Ultimate Guide to Invoicing for Freelancers


Doing the work that you love and working for yourself is one of the greatest perks of being a freelancer. However, that means you are responsible for getting yourself paid for that work that you love. Invoicing can be one of the most laborious and mundane tasks that a freelancer has to do. When done manually, it can take hours to create an invoice, communicate it to the client, and finally, remind them to pay up. While you might start by creating a simple invoice in Microsoft Word, eventually you’ll likely want to transition to an invoicing system or website that automates some of the work. We talk about professionalism, but in fact all you need is to do it right. Choosing the right invoicing software, implement the right policies and charge method, asking for a right payment method, manage the invoice record right is all you need to have a successful freelancing career. This article is all about sharing the right tips and guide to invoicing for freelancers.

1. Use a good Invoicing Software.

The first step to getting your invoicing right is to select good invoicing software. There are plenty of invoicing software in the market today but our innovative invoicing solution standout but in design and ease-to-use which makes it the best solution for business owners and freelancers. Carefully and wisely managed invoicing to keep your business going smooth without troubles from the financial side, or frustration from the client side. An online invoicing software has more benefit than just creating the invoice itself. With a solution like Invoice, you can send the invoice straight to your clients and track every step of the invoice approval process until you get paid.

2. Include all necessary information.

How many times have you received an invoice or bill that looks all mixed up with bad layout and information scattered all around? The most important information that must not be missing from your invoice includes your business details, clients details, itemised list services been billed for and payment terms. The invoice should speak for the client and the job you did for them. If the client cannot instantly identify what they are being charged for, it is very likely your invoice to end-up into the ‘deal-with-later’ pile. Always include your logo. Using logo on your invoices will not just make the invoice look more professional, but will make your brand more recognisable. One glimpse of it and the client will instantly know who’s on the other side, even can guess what he’s being charged for if he’s doing business with you on a regular basis.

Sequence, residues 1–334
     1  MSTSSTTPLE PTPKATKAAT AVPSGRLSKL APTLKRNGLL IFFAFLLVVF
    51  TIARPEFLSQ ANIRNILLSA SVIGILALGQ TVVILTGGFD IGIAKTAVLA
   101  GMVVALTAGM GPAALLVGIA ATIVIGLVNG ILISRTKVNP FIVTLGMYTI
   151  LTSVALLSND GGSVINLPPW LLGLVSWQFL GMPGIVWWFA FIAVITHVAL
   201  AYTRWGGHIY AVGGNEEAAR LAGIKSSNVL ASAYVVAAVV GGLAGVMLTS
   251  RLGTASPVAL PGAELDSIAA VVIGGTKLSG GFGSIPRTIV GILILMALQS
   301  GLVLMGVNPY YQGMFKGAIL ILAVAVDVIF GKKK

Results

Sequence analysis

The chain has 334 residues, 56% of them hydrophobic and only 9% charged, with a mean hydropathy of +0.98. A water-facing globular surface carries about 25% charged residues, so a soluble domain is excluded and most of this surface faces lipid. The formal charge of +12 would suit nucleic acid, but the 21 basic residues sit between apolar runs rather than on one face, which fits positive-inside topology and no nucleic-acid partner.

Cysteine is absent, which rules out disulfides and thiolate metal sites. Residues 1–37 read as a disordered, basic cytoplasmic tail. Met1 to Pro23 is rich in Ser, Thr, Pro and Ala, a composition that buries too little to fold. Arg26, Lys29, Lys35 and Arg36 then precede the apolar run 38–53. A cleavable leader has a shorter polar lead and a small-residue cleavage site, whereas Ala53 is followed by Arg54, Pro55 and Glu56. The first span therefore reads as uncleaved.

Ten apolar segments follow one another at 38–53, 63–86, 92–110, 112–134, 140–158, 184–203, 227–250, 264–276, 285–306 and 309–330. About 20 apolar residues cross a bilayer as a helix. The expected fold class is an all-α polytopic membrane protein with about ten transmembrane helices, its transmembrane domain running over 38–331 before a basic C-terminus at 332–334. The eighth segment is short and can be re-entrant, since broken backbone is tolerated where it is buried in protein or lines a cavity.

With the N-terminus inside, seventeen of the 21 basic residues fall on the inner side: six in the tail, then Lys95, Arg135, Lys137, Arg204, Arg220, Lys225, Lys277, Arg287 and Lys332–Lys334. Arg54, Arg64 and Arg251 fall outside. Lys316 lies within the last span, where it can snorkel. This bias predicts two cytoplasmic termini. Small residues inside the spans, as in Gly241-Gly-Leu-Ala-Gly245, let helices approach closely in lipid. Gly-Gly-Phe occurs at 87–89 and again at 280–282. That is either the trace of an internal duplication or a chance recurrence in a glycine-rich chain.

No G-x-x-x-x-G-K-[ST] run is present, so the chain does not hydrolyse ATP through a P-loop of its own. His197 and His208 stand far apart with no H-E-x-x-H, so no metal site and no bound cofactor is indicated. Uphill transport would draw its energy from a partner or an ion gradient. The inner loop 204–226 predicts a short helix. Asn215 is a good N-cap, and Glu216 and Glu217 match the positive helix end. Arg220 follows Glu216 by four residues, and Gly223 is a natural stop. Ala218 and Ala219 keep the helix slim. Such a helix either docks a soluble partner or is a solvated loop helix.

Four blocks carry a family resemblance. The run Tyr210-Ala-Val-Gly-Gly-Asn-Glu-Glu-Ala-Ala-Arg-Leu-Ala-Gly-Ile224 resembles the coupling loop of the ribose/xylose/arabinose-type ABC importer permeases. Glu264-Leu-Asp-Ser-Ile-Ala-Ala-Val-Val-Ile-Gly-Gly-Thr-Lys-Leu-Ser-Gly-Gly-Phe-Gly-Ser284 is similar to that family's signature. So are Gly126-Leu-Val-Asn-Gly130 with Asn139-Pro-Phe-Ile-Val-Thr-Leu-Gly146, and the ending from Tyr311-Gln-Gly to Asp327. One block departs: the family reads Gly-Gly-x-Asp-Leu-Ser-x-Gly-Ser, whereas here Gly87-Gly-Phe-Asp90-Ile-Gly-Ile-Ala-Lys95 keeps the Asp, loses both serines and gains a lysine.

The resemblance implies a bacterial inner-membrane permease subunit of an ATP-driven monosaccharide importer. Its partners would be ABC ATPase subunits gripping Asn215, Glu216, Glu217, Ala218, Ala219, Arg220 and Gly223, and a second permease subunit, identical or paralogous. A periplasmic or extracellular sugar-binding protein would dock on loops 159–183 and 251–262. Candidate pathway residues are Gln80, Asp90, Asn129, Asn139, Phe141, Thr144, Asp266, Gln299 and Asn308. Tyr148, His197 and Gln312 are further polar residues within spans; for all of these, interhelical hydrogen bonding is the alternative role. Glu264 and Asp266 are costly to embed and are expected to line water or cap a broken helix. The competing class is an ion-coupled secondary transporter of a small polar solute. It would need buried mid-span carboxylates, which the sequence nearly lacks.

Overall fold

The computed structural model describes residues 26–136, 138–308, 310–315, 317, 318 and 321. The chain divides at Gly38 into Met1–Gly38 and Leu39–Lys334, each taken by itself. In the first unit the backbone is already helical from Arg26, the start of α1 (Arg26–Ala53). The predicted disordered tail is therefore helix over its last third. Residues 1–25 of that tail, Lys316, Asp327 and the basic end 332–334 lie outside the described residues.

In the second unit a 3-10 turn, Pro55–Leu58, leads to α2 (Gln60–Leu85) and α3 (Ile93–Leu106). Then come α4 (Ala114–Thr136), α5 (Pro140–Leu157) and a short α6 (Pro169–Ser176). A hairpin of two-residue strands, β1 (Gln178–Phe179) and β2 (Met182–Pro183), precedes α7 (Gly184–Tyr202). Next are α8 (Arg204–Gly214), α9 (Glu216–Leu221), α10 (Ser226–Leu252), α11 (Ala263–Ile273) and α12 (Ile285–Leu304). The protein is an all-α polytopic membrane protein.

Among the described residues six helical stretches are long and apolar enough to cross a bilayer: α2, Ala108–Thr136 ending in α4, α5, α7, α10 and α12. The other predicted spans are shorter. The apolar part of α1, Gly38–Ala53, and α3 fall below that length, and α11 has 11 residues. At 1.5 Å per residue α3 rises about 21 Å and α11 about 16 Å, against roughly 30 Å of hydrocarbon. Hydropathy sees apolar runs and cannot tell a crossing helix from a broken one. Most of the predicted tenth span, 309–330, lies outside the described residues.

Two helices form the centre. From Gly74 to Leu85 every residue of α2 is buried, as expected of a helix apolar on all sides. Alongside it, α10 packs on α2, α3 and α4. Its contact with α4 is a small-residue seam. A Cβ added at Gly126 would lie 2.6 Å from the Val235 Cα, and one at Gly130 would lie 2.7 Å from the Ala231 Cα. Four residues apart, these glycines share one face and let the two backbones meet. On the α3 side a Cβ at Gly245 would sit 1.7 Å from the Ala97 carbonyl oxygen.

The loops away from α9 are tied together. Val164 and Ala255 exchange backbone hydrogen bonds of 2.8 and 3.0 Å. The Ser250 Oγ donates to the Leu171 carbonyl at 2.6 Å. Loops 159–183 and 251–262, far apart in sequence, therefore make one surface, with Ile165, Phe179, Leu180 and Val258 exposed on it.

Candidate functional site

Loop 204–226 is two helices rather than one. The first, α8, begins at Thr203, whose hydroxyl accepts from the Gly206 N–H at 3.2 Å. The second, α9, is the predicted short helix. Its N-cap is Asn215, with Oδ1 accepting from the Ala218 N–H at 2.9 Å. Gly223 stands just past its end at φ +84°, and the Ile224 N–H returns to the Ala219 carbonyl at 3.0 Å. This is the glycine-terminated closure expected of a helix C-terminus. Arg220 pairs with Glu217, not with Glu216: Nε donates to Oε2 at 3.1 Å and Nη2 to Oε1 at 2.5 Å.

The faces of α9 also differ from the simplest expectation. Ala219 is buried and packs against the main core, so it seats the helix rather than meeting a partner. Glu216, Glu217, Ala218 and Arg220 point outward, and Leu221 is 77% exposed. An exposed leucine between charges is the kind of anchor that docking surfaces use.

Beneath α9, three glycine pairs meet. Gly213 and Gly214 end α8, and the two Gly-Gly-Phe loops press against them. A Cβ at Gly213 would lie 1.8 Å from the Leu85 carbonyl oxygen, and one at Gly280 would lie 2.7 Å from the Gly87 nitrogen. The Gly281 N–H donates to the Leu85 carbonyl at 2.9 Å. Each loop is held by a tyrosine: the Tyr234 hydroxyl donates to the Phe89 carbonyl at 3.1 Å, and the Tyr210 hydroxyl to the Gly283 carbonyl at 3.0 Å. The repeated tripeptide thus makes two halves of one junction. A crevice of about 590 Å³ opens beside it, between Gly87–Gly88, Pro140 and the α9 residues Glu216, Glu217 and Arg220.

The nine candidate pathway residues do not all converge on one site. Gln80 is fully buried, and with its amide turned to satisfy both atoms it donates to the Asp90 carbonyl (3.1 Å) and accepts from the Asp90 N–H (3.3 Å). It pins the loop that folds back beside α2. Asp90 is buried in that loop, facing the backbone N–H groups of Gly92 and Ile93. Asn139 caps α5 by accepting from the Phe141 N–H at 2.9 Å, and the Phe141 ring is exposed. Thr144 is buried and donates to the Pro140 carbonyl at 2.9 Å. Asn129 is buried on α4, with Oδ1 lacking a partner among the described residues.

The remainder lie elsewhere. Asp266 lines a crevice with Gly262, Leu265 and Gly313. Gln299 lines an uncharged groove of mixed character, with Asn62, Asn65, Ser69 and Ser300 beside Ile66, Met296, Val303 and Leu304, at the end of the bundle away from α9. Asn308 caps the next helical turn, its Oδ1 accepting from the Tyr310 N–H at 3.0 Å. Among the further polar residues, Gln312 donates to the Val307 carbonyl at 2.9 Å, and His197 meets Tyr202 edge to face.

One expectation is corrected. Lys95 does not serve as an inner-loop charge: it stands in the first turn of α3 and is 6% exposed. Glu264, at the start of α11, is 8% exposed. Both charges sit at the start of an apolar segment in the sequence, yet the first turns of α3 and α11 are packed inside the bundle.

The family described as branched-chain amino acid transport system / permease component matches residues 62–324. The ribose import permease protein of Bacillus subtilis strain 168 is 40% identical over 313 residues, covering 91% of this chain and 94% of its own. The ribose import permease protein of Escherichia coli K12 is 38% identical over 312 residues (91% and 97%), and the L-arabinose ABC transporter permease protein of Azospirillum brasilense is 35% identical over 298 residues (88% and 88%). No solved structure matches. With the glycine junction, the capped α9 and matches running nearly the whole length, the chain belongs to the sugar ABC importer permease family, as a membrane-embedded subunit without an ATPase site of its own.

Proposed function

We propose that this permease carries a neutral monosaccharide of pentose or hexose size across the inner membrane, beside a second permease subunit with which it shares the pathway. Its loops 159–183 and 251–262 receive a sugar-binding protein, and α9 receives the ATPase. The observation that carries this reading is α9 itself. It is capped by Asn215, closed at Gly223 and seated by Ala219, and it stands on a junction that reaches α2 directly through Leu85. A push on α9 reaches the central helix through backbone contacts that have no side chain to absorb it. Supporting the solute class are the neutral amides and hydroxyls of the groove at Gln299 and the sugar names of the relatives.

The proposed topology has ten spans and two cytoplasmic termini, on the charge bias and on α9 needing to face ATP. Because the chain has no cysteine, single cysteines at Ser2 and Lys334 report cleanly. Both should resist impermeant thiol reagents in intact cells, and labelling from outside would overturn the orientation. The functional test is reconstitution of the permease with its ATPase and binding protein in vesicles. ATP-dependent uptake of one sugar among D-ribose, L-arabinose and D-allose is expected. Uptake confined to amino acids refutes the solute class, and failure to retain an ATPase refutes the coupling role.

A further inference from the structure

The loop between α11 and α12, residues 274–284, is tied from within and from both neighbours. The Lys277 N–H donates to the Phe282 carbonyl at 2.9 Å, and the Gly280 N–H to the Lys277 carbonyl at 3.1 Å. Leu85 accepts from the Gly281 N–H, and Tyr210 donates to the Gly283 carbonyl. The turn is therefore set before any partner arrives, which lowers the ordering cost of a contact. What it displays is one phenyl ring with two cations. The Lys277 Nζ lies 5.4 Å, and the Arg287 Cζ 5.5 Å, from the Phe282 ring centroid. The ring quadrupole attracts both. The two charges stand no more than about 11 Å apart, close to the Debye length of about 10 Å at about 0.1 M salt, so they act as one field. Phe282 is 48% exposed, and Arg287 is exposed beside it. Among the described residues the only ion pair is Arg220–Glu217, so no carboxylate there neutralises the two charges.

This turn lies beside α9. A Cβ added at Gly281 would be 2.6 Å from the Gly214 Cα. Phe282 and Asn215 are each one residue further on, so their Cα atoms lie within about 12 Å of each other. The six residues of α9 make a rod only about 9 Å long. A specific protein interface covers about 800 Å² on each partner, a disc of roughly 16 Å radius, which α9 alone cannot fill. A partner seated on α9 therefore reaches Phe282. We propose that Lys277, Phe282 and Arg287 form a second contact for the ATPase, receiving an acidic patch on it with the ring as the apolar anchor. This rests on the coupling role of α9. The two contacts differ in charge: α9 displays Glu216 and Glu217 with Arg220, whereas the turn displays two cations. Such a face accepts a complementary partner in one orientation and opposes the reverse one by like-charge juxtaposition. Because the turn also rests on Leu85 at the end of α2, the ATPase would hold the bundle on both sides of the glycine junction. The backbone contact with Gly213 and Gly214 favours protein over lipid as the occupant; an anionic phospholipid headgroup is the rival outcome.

3. Send your invoice frequently.

This is a valid trick to shortening the time it takes for you to get paid as a freelancer. The shorter the loop between sending out an invoice and getting paid, the better. A great way to deal with this kind of financial paperwork is to use an all-in-one invoicing app, such as Invoice. Invoice is actually completely free to use and can help get your invoices noticed and paid quickly. You can also easily send reminders for those clients who accidentally forget to pay.

4. Have an alternative payment method.

Do everything within your power to make it very simple for clients to pay you. Set yourself up to accept online payments — in addition to opening up a broader reach of customers, you won’t have to wait for a check to arrive in the mail. Invoice offers freelancers the opportunity to accept payments online from clients. All you have to do is to ensure your bank details is connected to your invoice account.

5. Have a policy and always stick to it.

It is normal to want to be paid after working for a client. However, in the real world not all clients pay on time. As a freelancer, you will come across stubborn clients who pay half the amount then disappears. Some of your clients will even refuse to pay you. To minimize the occurrences such cases, you need to come up with policies regarding payments (most importantly get paid upfront). Clients do not like surprises. Let the clients know about your policies, including your pricing structure. They should also be informed if any changes are made on the policies.


Lastly, you need to be systematic when dealing with invoicing issues raised by your clients. Responding in time to your client’s concerns portrays your professionalism and will increase the likelihood of them giving you more projects.

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